Understanding the Expanding Public Domain

The public domain is that magical place which creators can draw inspiration from. Public domain works can be published and sold by anyone. It includes the works of Shakespeare, Dickens,  and Edgar Allen Poe. However, in the US, it doesn’t include many works made after 1922 and the public domain has remain frozen since 1998. However, on January 1, 2019, New Year’s Day will be Public Domain Day, as a plethora of works created in 1923 will enter the public domain.

Why the Public Domain was Frozen

Until the early 1990s, the public domain grew in two ways. First was expiration of the original copyright term. Works written prior to the 1976 Copyright Act  had twenty-eight year copyright terms that could be renewed for another twenty-eight years (increased to 47 years though the Copyright Act.)  If the copyright owner didn’t renew their copyright, their work came into the public domain after twenty-eight years. This is how many Hollywood movies, TV episodes, and a few books from 1963 and before slid into the public domain. Congress put a stop to this by renewing all outstanding copyrights in 1992.

The other way the public domain expanded was when the renewal term expired. That ended in 1998. Media companies led by Disney had been trying to get  the copyright extended for years. The first Mickey Mouse cartoon Steamboat Willie was set to enter the public domain in 2004. Congress passed the Sonny Bono Copyright Extension Act  (named after the late singer and Congressman) which added another twenty years to all Copyrights. Works passed after the 1976 Copyright had a term of the author’s  lifetime plus 70 years, and those pre-1976 works had a term of 95 years.

At the time of passage, copyright extension promotions seemed to want far more. Bono’s forth wife  and successor in Congress, Mary Bono made the point that Sonny Bono had believed Copyright should last forever. That is unconstitutional. The Constitution requires  copyright be for  “limited times.” She spoke favorably of long-time Motion Pictures Association of America Chairman Jack Valenti’s suggestion this could be worked around with a copyright term of “forever minus one day.” Opponents of further Copyright extension didn’t expect an effort that audacious, but they did expect some effort to increase the length of copyright if for no other reason than for Disney to save “Steamboat Willie.” In the end,  no effort was made and the Public domain will grow once again.

What Will Happen

At the end of 2018, copyrights on works created in 1923 will expire. On January 1, 2019, the public domain will expand.

Starting on January 1st, organizations such as Google Books and Project Guteneberg will make books written in 1923 available to readers across the Internet to download for free. Librivox will make audiobook recordings of them.  In addition, filmmakers will be able to adapt them, as will American audio drama producers such as Colonial Radio Theater.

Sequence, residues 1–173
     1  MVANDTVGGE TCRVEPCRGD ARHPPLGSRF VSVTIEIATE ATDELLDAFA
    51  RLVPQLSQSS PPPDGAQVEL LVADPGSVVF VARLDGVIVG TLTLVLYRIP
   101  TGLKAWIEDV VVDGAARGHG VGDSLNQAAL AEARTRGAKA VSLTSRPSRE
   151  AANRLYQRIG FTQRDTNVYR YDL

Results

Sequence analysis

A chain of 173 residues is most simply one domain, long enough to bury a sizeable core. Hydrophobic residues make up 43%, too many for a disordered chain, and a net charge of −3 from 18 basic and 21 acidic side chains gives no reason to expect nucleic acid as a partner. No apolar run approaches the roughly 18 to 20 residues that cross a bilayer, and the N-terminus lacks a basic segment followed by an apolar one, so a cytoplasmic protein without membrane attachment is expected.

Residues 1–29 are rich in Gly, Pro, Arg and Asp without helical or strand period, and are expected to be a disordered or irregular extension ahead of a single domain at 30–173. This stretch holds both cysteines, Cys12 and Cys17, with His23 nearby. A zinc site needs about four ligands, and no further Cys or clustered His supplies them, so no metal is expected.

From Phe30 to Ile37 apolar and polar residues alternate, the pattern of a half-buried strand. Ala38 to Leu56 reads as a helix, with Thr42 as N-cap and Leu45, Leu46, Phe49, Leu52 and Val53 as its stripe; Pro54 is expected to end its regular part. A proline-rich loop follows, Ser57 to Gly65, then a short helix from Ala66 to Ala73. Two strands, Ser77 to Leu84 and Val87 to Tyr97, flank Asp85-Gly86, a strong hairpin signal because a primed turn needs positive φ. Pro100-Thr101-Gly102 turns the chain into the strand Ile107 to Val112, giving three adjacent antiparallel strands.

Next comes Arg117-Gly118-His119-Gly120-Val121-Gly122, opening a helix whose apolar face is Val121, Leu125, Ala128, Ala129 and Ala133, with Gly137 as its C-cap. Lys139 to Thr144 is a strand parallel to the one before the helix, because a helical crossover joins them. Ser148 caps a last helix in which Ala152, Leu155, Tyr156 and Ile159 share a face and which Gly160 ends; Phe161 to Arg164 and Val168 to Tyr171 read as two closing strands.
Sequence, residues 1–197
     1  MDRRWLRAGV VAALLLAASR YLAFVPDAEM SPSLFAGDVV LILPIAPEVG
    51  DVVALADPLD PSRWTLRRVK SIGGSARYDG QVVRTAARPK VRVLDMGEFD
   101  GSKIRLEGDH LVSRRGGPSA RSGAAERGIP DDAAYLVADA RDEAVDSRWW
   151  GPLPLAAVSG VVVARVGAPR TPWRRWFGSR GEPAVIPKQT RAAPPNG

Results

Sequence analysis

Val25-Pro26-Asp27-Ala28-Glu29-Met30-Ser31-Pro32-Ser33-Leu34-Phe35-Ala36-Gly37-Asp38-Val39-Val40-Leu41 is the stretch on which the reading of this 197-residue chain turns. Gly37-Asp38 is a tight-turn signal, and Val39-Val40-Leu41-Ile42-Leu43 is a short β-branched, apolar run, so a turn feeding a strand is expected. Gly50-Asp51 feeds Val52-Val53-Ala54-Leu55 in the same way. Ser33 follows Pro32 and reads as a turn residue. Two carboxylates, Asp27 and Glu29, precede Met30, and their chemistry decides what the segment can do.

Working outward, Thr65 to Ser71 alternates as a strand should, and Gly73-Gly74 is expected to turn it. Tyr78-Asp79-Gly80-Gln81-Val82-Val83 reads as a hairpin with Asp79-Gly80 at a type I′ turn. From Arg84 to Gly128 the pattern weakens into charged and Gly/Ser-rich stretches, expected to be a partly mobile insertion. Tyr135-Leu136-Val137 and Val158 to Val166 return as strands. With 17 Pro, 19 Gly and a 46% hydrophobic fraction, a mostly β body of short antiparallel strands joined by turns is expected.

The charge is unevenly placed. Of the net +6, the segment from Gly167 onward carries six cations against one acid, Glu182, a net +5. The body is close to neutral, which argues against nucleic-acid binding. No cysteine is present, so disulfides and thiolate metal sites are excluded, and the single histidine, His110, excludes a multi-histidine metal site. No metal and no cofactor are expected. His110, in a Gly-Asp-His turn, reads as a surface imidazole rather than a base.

Mystery fans will enjoy the third Agatha Christie book to enter the public domain, Murder on the Links. In the addition, one of only ten Sherlock Holmes stories still under Copyright in the United States, “The Adventure of the Creeping Man” will enter the public domain.

Silent films such as the original Ten Commandments or Charlie Chaplain’s The Pilgrim will be enjoyed online for free as well as on discount DVDs.

Filmmakers will at last be able to freely include songs such as The Charleston and Yes! We Have No Bananas Today in their films.  Churches won’t have to pay to include “Great is thy Faithfulness” in their services.  Community theaters will be able perform Noel Coward’s first play London’s Calling.  Before, doing all of these legally required paying a royalty or license fee. However that all changes in 2019.

The public domain will continue to expand, allowing free distribution of an ever-growing number of influential works. The Jazz Singer, the film that launched the era of talking pictures, is set to enter the public domain in 2024. Dashiell Hammett’s novel The Maltese Falcon will enter the public domain in 2026, and Fer-de-Lance, the first novel featuring Nero Wolfe, will enter in 2030.

Continued growth of the public domain will depend on Congress not extending copyright again. Entertainment companies have powerful lobbyists on Capitol Hill and may demand more protections. If Disney lets “Steamboat Willie” go into the public domain, they may raise a fuss at the prospect of Snow White and the Seven Dwarves entering the public domain in 2033, one year before the first Superman comics are set to become public domain.

For now though, the long overdue expansion of the public domain is beginning. Here’s hoping it continues for many years to come.  If you want more information on works entering the public domain in 2019, check out this article from the Duke University School of law. 

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